The pilot and his first officer provided their first account to NTSB investigators Saturday of what unfolded inside the cockpit of US Airways Flight 1549 after it slammed into a flock of birds and lost power in both engines.
Late Saturday the battle-scared airliner was hoisted from the water, carried by five large slings.
Co-pilot Jeff Skiles, who was flying the plane at takeoff, saw the birds coming in perfect formation, and made note of it.
Sullenberger looked up, and in an instant his windscreen was filled with big, dark-brown birds.
"His instinct was to duck," said NTSB board member Kitty Higgins, recounting their interview. Then there was a thump, the smell of burning birds, and silence as both aircraft engines cut out.
The account illustrated how quickly things deteriorated after the bump at 3,000 feet, and the pilots' swift realization that returning to LaGuardia or getting to another airport was impossible.
With both engines out, Higgins said, flight attendants described complete silence in the cabin, "like being in a library." A smoky haze and the odor of burning metal or electronics filled the plane.
The blow had come out of nowhere. The NTSB said radar data confirmed that the aircraft intersected a group of "primary targets," almost certainly birds, as the jet climbed over the Bronx. Those targets had not been on the radar screen of the air traffic controller who approved the departure, Higgins said.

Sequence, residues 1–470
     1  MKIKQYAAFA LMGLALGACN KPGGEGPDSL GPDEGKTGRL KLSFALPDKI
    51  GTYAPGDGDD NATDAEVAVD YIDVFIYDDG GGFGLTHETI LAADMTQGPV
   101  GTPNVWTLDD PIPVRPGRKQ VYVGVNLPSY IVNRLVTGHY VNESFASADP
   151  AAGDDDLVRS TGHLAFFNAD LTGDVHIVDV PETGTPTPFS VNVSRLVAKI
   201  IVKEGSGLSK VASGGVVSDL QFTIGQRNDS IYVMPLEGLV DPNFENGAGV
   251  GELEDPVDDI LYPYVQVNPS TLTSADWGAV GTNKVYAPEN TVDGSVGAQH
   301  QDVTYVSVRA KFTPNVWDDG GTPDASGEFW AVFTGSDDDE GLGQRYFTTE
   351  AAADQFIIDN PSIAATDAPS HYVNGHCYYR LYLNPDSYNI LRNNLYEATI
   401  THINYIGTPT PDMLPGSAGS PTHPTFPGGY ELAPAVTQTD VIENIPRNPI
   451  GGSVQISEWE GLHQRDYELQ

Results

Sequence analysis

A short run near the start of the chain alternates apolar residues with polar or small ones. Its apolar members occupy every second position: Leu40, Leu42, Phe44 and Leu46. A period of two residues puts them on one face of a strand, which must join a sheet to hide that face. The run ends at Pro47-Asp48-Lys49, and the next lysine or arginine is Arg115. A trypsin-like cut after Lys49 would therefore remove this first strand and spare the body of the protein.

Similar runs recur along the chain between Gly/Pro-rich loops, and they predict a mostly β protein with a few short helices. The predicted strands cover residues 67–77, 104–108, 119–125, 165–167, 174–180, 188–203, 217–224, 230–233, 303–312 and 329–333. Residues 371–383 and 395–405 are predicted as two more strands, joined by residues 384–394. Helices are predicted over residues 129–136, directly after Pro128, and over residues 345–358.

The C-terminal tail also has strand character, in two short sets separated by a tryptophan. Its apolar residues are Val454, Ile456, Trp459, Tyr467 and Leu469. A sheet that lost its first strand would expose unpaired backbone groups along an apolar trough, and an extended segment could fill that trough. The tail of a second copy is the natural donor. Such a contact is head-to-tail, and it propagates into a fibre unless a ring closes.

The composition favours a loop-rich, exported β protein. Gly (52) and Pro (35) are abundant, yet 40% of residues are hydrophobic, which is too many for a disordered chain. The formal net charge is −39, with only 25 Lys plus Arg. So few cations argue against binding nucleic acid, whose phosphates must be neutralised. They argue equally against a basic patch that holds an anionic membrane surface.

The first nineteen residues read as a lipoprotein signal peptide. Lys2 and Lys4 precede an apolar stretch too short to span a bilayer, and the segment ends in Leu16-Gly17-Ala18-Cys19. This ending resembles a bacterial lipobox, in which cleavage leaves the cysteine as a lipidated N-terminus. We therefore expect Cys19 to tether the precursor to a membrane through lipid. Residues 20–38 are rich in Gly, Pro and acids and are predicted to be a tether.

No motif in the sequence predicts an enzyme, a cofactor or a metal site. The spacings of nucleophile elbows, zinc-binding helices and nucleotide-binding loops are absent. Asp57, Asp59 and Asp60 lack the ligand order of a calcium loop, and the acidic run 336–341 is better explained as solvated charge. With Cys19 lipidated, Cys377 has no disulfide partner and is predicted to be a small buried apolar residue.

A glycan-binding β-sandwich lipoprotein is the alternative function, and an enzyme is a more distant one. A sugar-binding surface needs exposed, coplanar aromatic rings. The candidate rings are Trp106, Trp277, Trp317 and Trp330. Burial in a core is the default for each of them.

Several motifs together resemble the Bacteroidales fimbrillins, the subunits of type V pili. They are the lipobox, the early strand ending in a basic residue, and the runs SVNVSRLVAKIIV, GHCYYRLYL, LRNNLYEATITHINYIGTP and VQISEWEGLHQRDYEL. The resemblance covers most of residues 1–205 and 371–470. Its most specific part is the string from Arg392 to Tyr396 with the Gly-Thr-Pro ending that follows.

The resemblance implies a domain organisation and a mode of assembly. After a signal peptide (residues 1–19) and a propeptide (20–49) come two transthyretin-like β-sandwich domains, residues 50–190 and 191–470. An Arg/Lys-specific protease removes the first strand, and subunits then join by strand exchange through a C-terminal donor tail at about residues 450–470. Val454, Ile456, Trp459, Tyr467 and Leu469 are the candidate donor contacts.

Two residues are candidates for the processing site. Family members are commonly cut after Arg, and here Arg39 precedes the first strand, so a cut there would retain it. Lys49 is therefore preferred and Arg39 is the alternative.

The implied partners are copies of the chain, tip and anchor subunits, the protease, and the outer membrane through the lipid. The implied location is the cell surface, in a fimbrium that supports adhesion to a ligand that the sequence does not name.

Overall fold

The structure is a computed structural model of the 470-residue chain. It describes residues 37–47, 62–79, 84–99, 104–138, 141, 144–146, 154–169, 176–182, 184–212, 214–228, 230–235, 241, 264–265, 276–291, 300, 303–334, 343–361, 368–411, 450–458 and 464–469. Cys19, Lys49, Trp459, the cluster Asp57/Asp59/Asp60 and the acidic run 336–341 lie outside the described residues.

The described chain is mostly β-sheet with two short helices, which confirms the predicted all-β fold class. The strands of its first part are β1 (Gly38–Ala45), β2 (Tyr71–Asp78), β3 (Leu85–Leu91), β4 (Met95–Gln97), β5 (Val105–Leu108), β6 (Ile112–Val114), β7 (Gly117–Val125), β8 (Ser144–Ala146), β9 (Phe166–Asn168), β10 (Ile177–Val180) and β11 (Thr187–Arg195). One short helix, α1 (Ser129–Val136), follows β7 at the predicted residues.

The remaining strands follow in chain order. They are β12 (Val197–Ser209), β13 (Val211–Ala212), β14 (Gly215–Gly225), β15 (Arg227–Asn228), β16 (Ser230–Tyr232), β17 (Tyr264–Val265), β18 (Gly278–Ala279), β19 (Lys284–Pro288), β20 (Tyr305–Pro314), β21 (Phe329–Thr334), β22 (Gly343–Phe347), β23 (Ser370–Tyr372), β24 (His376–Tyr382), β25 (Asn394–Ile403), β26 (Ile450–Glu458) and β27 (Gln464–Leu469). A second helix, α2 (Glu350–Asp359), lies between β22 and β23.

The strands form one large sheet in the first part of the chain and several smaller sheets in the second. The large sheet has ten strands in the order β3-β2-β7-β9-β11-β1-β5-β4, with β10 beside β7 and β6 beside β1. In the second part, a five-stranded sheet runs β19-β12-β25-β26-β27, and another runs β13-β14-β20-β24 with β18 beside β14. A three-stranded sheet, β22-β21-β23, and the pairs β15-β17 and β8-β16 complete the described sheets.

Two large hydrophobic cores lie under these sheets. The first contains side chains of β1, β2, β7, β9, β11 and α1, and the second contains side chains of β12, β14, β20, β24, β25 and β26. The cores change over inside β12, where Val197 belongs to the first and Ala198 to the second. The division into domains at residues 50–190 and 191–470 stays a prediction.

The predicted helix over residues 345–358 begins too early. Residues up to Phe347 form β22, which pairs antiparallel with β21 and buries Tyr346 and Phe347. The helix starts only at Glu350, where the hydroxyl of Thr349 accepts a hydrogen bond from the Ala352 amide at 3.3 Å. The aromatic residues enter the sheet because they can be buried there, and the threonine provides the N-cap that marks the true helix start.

After the bird impact, Sullenberger told investigators he immediately took over flying from his co-pilot and made a series of command decisions.
Returning to LaGuardia, he quickly realized, was out. So was nearby Teterboro Airport, where he had never flown before, and which would require him to take the jet over densely populated northern New Jersey.
"We can't do it," he told air traffic controllers. "We're gonna be in the Hudson."
The co-pilot kept trying to restart the engines, while checking off emergency landing procedures on a three-page list that the crew normally begins at 35,000 feet.
Sullenberger guided the gliding jet over the George Washington Bridge and looked for a place to land.
Pilots are trained to set down near a ship if they have to ditch, so they can be rescued before sinking, and Sullenberger picked a stretch of water near Manhattan's commuter ferry terminals. Rescuers were able to arrive within minutes.